[Date Prev][Date Next] [Thread Prev][Thread Next] [Date Index] [Thread Index]

Re: LAN help requested



On Jun 12, Tony Firecloud wrote:
>
> I was using an incorrect patch cord; now i have store-bought
> crossover cables; i'm still not getting something. The below 
> paste is self-expanatory:
> (The hosts are directly cabled NIC to NIC with a crossover cable)
> 
>   From host I
> makua:~# ifconfig
> eth0      Link encap:Ethernet  HWaddr 00:10:5A:1B:F3:6B  
>           inet addr:10.0.0.1  Bcast:10.255.255.255  Mask:255.0.0.0
>           UP BROADCAST RUNNING MULTICAST  MTU:1500  Metric:1
>           RX packets:0 errors:0 dropped:0 overruns:0 frame:0
>           TX packets:3 errors:0 dropped:0 overruns:0 carrier:0
>           collisions:0 txqueuelen:100 
>           RX bytes:0 (0.0 b)  TX bytes:180 (180.0 b)
>           Interrupt:10 Base address:0xf480 
>
thats a darn strange netmask for a local network.  You are supporting 2^{24}
(16.7 million) hosts in the same 'local' neighbourhood.

try 'ifconfig eth0 10.0.0.1 netmask 255.255.255.0 up' instead.
 
>   From host II
> firecloud:~# ifconfig
> eth0	Link encap:Ethernet	HWaddr 00:10:A4:E8:13:8F
> 	inet addr:10.0.0.3  Bcast:10.255.255.255  Mask:255.0.0.0
> 	UP BROADCAST RUNNING MULTICAST  MTU:1500  Metric:1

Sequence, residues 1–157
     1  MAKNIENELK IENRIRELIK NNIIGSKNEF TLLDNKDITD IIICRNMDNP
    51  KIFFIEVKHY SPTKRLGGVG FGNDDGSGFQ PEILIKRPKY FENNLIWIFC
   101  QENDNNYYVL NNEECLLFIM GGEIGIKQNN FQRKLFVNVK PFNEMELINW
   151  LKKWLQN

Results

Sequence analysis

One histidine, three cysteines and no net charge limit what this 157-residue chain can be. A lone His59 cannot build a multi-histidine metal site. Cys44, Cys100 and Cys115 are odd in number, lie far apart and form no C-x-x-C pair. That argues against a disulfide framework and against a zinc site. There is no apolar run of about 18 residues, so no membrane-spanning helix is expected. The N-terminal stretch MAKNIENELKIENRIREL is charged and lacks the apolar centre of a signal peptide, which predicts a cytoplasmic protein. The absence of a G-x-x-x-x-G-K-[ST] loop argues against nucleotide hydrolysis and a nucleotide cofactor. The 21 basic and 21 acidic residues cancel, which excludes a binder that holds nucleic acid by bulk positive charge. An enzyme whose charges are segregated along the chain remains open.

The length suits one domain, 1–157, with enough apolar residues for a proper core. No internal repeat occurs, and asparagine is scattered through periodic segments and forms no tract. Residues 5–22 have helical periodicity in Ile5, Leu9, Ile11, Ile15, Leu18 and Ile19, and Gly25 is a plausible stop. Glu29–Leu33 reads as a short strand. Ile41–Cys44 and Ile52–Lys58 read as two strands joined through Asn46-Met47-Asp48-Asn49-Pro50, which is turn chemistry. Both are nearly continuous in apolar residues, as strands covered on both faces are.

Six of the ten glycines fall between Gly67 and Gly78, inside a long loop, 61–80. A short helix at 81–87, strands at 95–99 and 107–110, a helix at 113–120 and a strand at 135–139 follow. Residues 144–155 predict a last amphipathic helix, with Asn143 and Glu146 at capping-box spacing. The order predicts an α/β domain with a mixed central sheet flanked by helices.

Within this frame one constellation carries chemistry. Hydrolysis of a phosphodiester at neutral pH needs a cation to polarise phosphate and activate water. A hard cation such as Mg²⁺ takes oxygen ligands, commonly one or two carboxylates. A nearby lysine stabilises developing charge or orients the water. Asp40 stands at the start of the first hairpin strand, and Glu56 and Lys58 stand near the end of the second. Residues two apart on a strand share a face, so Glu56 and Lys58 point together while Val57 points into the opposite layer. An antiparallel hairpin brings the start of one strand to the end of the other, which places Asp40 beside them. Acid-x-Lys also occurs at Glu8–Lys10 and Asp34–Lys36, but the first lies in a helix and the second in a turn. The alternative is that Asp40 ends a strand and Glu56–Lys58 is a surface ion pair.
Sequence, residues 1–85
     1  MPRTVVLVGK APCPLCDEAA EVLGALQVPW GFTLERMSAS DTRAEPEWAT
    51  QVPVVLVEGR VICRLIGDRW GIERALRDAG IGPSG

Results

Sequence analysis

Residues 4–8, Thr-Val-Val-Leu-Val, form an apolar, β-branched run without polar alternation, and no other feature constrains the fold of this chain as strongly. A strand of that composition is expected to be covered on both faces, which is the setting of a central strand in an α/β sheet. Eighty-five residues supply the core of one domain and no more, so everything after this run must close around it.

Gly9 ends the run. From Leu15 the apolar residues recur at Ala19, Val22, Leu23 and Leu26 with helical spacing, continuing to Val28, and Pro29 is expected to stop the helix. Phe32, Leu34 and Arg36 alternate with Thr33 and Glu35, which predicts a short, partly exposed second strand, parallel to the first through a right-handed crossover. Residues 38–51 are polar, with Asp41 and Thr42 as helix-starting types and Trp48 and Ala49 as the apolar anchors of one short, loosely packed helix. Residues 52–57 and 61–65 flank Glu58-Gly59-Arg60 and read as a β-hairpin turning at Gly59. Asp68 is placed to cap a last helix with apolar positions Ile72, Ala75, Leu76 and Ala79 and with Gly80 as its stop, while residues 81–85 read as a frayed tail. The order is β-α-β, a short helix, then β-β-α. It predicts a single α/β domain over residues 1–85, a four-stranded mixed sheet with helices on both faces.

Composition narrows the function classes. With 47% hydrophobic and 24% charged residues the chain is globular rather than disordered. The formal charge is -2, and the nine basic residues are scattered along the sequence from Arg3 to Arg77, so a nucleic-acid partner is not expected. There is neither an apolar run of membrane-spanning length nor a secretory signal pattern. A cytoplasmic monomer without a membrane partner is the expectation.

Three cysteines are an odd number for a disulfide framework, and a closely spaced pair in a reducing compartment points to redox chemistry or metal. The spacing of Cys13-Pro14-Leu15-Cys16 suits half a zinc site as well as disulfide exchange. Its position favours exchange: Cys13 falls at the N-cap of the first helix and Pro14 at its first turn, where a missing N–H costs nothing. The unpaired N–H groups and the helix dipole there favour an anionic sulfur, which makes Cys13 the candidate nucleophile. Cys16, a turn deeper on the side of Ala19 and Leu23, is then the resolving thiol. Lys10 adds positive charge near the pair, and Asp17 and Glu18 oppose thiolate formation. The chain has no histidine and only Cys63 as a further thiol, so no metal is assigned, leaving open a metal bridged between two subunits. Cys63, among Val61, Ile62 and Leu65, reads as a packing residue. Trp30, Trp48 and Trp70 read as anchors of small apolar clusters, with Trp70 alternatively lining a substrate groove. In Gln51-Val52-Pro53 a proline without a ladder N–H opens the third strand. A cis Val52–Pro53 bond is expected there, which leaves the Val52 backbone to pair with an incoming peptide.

> 	RX packets:0 errors:0 dropped:0 overruns:0 frame:0
>         TX packets:0 errors:0 dropped:0 overruns:0 carrier:0
> 	collisions:0 txqueuelen:100 
>         RX bytes:0 (0.0 b)  TX bytes:0 (0.0 b)
>         Interrupt:11 Base address:0x4000 
> 
same here but instead
'ifconfig eth0 10.0.0.3 netmask 255.255.255.0'.

Just a side note worth mentioning.  The 10.x.x.x region is really only worth
it for *large* multi-site networks.  172.16.x.x->172.32.x.x is suitable for
'medium' networks and 192.168.x.x is great for home networks, and other small
scale stuff.  There is not real advantage/disadvantages between the lot
however the 'convention' for home stuff is 192.168.x.x, in my experience
lusers into quake multiplayer use 10.x.x.x :)  And that can only be a bad
thing, 0verkill is much more suitable.

Anyway this should not be effecting your network anyway.  I feel a nastier
problem is at foot, or something :)

Probably something wrong with the 'medium' settings.  Both are set to _half_
duplex 10Mbps (or 100Mbps) speed right?

The only other idea I would have is that you have some voodoo
iptables/ipchains ruleset on one of the machines preventing the packets
actually transmitting/receiving.......

good luck

Alex

-- 
 ________________________ 
< Above all else -- sky. >
 ------------------------ 
        \   ^__^
         \  (oo)\_______
            (__)\       )\/\
                ||----w |
                ||     ||

Attachment: pgpPOCnVJWoBg.pgp
Description: PGP signature


Reply to: